In first, Tel Aviv University named Israel’s best
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In first, Tel Aviv University named Israel’s best

Influential international rankings put institution ahead of Jerusalem rival for first time — but Turkish universities beat both

Illustrative photo of the Tel Aviv University campus. (Andrew Tobin/JTA)
Illustrative photo of the Tel Aviv University campus. (Andrew Tobin/JTA)

Tel Aviv University was rated the top Israeli university in influential international rankings released Thursday, surpassing the highly regarded Hebrew University of Jerusalem on the list for the first time.

Tel Aviv University ranked 188th, while Hebrew University ranked 201st-225th in the 2014-2015 Times Higher Education World Rankings. Both universities slid down the rankings from last year, but Tel Aviv University slid less.

The Technion, or Israel Institute of Technology, held onto the same spot as last year, 201st-225th.

Tel Aviv University declined to comment, but American Friends of Tel Aviv University tweeted, “We’re # 1! #TelAvivUniversity only Israeli university in the top 200, says the Times Higher Education world rankings.”

As in the past, the rankings’ elite spots were dominated by American and British Universities. The California Institute of Technology, known as Caltech, came in first, with Harvard University, the University of Oxford University, Stanford University, and the University of Cambridge rounding out the top five, in descending order. East Asian universities continued their annual climb up the list at the expense of their American counterparts.

A tale of two Israeli cities

Compiled and published by the British magazine Times Higher Education, the rankings are among the most influential rankings of the world’s universities. After first partnering with the British higher education advice company Quacquarelli Symonds, or QS, to create rankings in 2004, the magazine began to compile its own list in 2010-2011 with data gleaned from the multinational media and information company Thomson Reuters.

Until this year, Hebrew University had been the highest ranked Israeli university every year, by Times Higher Education’s calculations. Last year, Hebrew University ranked 191st and Tel Aviv University ranked 199th.

Noting that its overall score actually improved this year, Hebrew University said in a statement, “The Hebrew University is ranked first in Israel by the overwhelming majority of world rankings — most importantly the authoritative “Shanghai Rankings” — which are based on the most current data … We look forward to resuming our #1 position in this ranking as well, consistent with the other international rankings.”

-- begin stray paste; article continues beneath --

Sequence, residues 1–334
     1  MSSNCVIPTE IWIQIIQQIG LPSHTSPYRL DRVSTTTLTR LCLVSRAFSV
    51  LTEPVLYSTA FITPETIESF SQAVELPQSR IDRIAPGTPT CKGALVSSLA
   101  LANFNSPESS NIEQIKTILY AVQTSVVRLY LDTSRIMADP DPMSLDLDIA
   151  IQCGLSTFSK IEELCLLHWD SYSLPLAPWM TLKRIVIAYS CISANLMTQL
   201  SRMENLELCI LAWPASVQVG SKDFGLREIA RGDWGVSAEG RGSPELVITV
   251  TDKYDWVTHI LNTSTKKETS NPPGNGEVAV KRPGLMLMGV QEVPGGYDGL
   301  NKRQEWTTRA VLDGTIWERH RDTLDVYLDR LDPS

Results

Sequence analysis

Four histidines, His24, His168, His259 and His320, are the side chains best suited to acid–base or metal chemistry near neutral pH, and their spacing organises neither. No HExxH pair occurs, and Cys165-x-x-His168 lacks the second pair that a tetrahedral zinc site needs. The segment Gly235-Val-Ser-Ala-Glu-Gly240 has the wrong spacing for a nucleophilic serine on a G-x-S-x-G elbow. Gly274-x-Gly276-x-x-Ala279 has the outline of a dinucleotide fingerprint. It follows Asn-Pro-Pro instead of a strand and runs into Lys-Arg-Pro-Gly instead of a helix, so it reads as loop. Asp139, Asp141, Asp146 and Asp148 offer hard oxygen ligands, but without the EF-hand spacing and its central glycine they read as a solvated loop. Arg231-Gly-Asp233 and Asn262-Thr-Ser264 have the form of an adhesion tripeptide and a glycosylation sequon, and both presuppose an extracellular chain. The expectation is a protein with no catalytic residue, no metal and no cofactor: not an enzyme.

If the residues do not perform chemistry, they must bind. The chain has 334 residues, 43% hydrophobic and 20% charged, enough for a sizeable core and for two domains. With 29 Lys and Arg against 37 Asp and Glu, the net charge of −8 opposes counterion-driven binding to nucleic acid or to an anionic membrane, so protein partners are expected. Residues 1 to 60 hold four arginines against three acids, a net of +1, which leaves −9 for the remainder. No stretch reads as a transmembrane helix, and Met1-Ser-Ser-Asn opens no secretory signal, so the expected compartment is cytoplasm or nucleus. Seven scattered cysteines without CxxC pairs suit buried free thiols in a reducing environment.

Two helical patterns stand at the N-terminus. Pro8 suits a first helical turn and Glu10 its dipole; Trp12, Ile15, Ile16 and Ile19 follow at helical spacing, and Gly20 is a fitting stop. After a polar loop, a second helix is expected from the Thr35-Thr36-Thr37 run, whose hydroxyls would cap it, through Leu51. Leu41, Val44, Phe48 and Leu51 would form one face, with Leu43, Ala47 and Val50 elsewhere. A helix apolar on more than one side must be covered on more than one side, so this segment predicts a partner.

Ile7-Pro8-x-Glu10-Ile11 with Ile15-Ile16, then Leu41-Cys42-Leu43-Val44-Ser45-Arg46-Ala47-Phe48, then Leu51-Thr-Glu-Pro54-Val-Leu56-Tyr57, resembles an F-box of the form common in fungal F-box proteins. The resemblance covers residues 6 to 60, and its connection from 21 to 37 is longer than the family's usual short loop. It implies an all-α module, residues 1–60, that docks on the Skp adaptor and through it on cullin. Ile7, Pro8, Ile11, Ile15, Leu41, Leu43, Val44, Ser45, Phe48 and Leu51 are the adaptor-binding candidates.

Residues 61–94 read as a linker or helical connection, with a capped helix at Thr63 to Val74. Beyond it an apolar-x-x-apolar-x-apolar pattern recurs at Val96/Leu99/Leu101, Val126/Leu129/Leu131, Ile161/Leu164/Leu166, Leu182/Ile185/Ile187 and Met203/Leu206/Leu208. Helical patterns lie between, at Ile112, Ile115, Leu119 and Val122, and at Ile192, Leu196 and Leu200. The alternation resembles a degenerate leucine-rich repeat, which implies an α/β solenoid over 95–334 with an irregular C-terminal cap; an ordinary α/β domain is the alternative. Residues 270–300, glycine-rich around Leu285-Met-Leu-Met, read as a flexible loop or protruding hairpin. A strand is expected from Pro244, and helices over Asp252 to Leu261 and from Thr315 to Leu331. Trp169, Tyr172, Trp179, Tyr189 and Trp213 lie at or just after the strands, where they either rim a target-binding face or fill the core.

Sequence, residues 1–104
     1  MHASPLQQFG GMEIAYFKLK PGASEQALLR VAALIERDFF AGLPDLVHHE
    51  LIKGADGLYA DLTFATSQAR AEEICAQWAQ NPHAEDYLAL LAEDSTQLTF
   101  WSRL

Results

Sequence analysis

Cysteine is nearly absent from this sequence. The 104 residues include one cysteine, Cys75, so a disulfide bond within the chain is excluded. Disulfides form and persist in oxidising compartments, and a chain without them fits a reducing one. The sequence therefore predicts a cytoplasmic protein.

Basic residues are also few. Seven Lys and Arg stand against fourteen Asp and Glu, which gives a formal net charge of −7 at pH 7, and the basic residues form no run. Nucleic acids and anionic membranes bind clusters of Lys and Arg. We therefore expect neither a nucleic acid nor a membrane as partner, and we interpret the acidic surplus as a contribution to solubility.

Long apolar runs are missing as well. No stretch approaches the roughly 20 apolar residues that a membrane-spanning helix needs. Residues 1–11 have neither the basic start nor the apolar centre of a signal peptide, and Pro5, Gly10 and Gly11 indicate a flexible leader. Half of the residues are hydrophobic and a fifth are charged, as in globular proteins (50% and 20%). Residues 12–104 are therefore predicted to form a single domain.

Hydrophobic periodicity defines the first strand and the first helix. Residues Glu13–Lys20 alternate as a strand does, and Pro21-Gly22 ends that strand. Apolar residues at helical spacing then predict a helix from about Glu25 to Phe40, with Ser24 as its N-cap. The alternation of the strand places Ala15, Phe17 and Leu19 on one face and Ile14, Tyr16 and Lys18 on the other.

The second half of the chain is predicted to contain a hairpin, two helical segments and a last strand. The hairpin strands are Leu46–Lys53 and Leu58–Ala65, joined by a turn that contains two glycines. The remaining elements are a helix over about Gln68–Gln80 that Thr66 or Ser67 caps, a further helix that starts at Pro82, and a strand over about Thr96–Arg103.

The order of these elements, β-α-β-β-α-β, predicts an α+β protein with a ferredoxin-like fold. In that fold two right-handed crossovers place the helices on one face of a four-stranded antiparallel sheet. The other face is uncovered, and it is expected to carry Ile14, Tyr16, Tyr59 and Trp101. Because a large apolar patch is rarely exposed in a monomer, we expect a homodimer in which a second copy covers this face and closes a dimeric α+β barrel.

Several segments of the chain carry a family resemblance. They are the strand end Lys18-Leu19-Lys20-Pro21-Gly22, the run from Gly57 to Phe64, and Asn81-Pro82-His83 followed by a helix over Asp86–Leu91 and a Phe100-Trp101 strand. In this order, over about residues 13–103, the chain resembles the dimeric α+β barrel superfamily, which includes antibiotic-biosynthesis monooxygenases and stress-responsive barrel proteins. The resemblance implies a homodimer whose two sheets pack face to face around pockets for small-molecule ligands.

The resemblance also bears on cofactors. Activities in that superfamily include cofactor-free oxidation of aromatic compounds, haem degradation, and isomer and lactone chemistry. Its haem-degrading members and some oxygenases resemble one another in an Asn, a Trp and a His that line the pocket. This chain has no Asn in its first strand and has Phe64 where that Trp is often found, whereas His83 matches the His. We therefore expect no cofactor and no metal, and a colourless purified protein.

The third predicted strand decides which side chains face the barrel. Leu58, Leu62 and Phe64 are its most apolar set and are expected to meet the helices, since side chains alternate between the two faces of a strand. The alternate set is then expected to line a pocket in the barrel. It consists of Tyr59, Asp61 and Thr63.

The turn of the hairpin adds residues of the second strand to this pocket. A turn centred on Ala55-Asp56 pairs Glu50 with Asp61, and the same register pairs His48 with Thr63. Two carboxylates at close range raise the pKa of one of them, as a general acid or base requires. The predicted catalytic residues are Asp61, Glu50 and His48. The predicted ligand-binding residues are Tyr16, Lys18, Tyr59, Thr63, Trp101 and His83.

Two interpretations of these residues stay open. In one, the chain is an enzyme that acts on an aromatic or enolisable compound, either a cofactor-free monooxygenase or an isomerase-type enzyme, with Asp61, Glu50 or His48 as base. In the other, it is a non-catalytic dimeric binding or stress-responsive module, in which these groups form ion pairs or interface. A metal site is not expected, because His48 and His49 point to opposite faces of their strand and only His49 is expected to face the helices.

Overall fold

Students at Hebrew University's Mount Scopus campus. (photo credit: Yonatan Sindel/Flash90)
Students on Hebrew University’s Mount Scopus campus. (photo credit: Yonatan Sindel/Flash90)

Tel Aviv University took the title this year by outscoring Hebrew University in three of the rankings’ five major categories: research, industry income, and — unlike last year — teaching. Hebrew University scored higher in citations and in international outlook. Teaching, research, and citations each account for 30 percent of a university’s overall score in the rankings, with the other two categories worth 10 percent together.

Asia on the rise

Looking across the Middle East, Israel no longer boasts the top university in the land. Not even close, in fact, thanks to a surge in the rankings by Turkish universities. Turkey’s Middle East Technical University leaped to 88th, from 201st-225th last year, to replace Hebrew University as the regional leader. For the first time, three other Turkish universities ranked in the top 200, all above any Israeli university.

Two Iranian universities were included in the rankings, which top out at 400. No other Israeli universities were.

While Turkey’s rise was sudden, Asia as a whole has been steadily climbing the rankings for years. Two East Asian universities cracked the top 25 this year, with the University of Tokyo coming in 23rd. Asia had 24 universities in the top 200 this year, compared with 20 last year.

“East Asia and Singapore have arrived as the third great region of higher education and research, alongside North America and Europe,” said Prof. Simon Marginson, an expert in higher education at the University of London. “In the countries shaped by the traditions of Confucian self-cultivation through education, there is an especially deep commitment to higher education and scholarship – and the investment to match that commitment.”

American unexceptionalism

Meanwhile, North American universities’ dominance of the rankings continued to wane. While American universities took seven of the top 10 and 15 of the top 20 spots this year, they suffered lower down on the list.

American universities took just 35 of the top 100 spots this year, down from 46 last year. Forty-six of the 77 top US universities last year, or 60 percent, ranked lower this year — with an average fall of 5 spots. Three American universities fell off the list entirely. Similarly, six of Canada’s eight top 200 universities lost ground.

Philip Altbach, director of the Center for International Higher Education at Boston College, blamed cuts in government funding of public universities in the US.

“The reasons are simple: Most US states cut back on funding for public higher education during the recession and by and large have not restored it,” he said.

Times Higher Education also publishes rankings by subject. In arts and humanities, Hebrew University ranked 94th and Tel Aviv University ranked 96th. In engineering and technology, the Technion ranked 71st. In the separate Times Higher Education World Reputation rankings, the Technion ranked 91st-100th.

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